Dante Buford: The highly touted prospect out of high school had to sit in 2014-2015 due to an academic issue, but we saw flashes of why he was so highly ranked last year. Buford’s not the shifty small forward that will create off the dribble, but he will bully players at the glass and then stretch the floor at the three-point line. His game is a bit different as he is truly a small forward. If Buford can understand his role off the bench, he will allow Oklahoma to go deep into their bench and give their starters a break.

Jamuni McNeace: It is simple, if McNeace can understand his role and not try to do to much, you will see him inserted into the starting lineup or see him get a lot of minutes with Khadeem Lattin inside. The uber-athletic center has a unique ability to jump. Yeah, jump. At 6’10”, McNeace gets his head above the rim better than most players Oklahoma will play this season. If McNeace can harness that energy, you will see the Javale McGee type of player develop in front of our eyes.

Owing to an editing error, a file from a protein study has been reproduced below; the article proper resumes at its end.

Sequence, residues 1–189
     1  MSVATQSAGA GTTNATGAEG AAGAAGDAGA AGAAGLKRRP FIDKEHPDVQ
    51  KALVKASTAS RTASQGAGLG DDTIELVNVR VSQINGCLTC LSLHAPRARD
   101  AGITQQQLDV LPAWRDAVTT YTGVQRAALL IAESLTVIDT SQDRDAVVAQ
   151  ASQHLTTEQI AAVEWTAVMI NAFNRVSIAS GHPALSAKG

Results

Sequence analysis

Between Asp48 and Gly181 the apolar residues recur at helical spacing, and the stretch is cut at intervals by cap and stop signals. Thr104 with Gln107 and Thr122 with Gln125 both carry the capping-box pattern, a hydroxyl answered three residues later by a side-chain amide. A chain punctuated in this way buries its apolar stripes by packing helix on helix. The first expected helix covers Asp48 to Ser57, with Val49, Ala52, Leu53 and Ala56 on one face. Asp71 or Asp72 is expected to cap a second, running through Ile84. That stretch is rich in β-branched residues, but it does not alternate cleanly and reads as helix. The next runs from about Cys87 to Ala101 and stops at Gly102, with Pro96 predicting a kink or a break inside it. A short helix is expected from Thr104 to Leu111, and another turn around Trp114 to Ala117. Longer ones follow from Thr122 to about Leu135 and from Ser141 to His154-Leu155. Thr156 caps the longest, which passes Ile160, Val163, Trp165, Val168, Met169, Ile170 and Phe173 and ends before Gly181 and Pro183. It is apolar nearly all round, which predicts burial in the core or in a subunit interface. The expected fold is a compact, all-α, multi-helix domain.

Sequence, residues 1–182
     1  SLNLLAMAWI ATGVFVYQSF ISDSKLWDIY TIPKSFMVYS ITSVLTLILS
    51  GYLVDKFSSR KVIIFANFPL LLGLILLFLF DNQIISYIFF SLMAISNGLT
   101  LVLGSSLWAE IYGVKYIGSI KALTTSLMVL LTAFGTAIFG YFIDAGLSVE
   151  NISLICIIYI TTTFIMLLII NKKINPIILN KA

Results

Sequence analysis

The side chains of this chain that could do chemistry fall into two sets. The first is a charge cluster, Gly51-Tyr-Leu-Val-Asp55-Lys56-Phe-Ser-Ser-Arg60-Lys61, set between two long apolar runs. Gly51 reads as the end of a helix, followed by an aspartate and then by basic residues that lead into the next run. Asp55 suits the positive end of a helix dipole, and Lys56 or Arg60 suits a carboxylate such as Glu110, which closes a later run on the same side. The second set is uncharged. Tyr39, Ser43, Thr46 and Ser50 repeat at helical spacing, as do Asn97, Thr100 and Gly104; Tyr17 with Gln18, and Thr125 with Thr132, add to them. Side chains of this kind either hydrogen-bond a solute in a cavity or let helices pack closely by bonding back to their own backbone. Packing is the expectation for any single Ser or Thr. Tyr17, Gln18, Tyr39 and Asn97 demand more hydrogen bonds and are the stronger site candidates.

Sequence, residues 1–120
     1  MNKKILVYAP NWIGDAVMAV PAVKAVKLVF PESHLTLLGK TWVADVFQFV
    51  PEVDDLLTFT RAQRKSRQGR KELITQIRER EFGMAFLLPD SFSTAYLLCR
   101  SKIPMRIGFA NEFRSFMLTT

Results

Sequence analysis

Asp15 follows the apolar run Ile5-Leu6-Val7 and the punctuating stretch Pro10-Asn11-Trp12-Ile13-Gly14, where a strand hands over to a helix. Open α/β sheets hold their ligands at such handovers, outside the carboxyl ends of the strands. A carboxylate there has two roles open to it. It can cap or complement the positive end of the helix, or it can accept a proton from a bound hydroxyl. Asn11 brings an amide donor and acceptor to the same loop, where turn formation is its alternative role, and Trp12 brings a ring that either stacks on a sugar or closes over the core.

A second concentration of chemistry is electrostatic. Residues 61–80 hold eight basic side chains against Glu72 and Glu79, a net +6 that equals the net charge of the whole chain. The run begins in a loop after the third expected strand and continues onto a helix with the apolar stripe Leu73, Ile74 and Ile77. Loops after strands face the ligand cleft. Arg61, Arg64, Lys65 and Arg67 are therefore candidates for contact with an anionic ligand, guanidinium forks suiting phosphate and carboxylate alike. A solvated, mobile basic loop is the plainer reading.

Finishing up, Oklahoma does have a couple newcomers who are looking to make a serious impact. Kristian Doolittle has already inserted himself into the starting lineup. The 6’7″ forward showed the ability to play point-forward in high school, as well as defend any position on the floor. Doolittle is a physical specimen at his age. Already at 235 pounds, look for Doolittle to only grow into his body more as this season goes on. Kameron McGusty is the highest rated recruit Lon Kruger has landed during his time at Oklahoma. McGusty is stuck behind two talented guards in Christian James and Rashard Odomes, therefore we will see him mostly off the bench in 2015-2016. McGusty has the knack to put the ball in the basket. He has the range to stretch the floor and ability to create off the dribble. The major key for McGusty this season will be to come into his own and continue to develop. He is not the kind of player that is looking towards the NBA, and understands his need to trust the process. The last three players who will get meaningful minutes are Darrion StrongJordan Shepard, and Matt Freeman. Strong and Freeman will be called on to score, as Shepard is the change-of-pace point guard who knows how to run an offense. These three are the kind of bench players who will not be the focus of another team’s scouting report, but could come in and surprise people if their name is called.